Smart Ring Measures Blood Pressure

3D printed ring with 4-integrated electrodes for measuring bioimpedance for measuring blood pressure from the finger

Continuous blood pressure monitoring has always been a major challenge for the biohacking community. Those giant arm cuffs aren’t exactly the kind of thing you want to wear all day and the wrist monitors aren’t super great either. So, [Kaan] and his research team set out to create a better continuous blood pressure monitor. This time as a ring.

When your heart beats, the volume of blood in the blood vessels increases ever so slightly. This increase in volume results in a decrease in electrical impedance because blood is fairly conductive. We’ve seen a similar volume measurement using light for detecting heart rate, but [Kaan] says with impedance, you won’t need to worry about the effect of skin tone on the accuracy of the measurement.

As far as the hardware is concerned, they inject a small, constant 10 kHz sinusoidal current into the finger through 2 current-injecting electrodes, and then measure the resulting voltage drop across the finger with two sensing electrodes, a standard 4-probe Kelvin approach. Their results seem pretty good. They are within 5.27 millimeters of mercury (mmHg) of the gold standard for systolic blood pressure and 3.87 mmHg for diastolic blood pressure across 10 subjects, which they say are within the American Association for the Advancement of Medical Instrumentation’s (AAMI) guidelines. That’s definitely something to catch your attention.

We’ve seen several attempts to measure blood pressure using the analogous photoplethysmography technique, but those generally don’t seem to work out. Will the impedance plethysmography approach overcome the optical technique’s shortcomings? Only time will tell.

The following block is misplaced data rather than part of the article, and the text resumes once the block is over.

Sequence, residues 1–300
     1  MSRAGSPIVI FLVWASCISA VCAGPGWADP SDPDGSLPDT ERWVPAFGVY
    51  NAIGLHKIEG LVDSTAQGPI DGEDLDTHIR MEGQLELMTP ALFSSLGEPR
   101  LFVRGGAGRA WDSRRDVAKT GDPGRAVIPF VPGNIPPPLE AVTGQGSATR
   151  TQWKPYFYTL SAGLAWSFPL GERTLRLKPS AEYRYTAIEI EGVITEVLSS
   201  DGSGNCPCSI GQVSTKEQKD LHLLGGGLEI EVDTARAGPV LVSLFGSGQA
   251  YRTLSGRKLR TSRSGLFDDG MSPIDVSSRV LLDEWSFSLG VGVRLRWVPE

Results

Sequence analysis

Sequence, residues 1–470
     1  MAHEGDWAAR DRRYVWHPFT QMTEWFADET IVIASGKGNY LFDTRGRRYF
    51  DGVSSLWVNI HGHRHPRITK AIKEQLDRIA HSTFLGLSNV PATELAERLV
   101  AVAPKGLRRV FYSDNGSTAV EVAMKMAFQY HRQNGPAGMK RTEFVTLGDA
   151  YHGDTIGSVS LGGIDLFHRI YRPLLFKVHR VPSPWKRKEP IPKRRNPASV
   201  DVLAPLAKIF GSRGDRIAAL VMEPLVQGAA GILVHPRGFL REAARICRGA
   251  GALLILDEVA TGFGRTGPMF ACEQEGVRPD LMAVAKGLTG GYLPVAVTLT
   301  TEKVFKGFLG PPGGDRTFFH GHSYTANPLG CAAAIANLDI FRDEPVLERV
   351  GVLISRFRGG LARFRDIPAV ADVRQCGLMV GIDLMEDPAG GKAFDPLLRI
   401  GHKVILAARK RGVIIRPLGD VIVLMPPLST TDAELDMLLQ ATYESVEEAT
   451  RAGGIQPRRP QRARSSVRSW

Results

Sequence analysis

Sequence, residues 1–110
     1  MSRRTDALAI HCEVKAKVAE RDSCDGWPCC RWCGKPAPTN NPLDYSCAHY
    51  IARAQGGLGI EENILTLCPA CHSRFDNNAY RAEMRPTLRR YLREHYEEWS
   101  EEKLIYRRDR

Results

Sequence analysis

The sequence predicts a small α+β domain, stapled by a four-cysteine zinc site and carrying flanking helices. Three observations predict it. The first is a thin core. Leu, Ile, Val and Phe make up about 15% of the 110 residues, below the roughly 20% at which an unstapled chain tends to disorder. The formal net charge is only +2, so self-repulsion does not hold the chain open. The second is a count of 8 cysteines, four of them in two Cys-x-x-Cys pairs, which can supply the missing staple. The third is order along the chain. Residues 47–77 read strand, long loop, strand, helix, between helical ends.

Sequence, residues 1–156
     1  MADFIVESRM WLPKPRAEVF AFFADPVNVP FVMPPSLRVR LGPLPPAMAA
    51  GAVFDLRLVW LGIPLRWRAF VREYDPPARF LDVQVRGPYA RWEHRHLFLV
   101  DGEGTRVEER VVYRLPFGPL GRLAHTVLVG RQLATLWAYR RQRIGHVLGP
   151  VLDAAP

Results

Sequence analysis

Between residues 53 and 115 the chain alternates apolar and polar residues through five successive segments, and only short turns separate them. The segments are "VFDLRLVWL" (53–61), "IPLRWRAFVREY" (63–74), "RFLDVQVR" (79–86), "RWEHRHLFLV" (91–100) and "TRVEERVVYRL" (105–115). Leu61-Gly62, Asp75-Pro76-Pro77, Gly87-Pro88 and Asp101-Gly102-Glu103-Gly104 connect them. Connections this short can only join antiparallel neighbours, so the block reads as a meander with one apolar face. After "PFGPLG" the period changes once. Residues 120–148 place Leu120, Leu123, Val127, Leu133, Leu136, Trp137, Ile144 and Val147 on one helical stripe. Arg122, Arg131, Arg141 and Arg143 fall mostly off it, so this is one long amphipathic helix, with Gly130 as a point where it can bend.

17 thoughts on “Smart Ring Measures Blood Pressure

    1. I’m also wondering about the general variability of conductivity of different people. They solved one variables (skin tone), but they don’t address whether they have simply traded that for a different issue.
      Maybe it’s not an issue.

      1. Bioimpedance does change for various reasons over various timescales, including sweating from exercise, diet+weight gain/loss, health, and how excited the person is. Note that it is not only skin resistance that can affect a measurement but also the other intervening tissue, and changes in those tissues likely happen on different timescales. Measuring the impedance on a time scale (pulse to pulse) short enough to use it for changes caused by blood pressure would mostly not be affected by skin impedance changes since the timescale would be much shorter. You could even use a measurement of pulse timing to isolate the bioimpedance changes of interest to specific sampling times. It is also possible to measure bioimpedance across a range of frequencies, which may help increase signal to noise. There is a commercial IC (AD5933) which measures bioimpedance though it would probably be too slow to use in this application. Here’s a paper about a bioimpedance application of the IC which might be interesting: There are other papers online about the many potential applications of bioimpedance.

  1. Hum, might be reading it wrong (in the paper itself), but they trained a ML model for each person using the ring, and as far as I can tell, the reported results were from the same data the models were trained on… So they basically are just reporting the difference from their trained model to the results of the BP readings from conventional sensors, using the same data.

    I’m reasonably sure they can get some results from this on a second run, but seeing as they even used ultrasound to position the rings over the artery, I’d be very suspicious that this can be used in the field with any usable readings.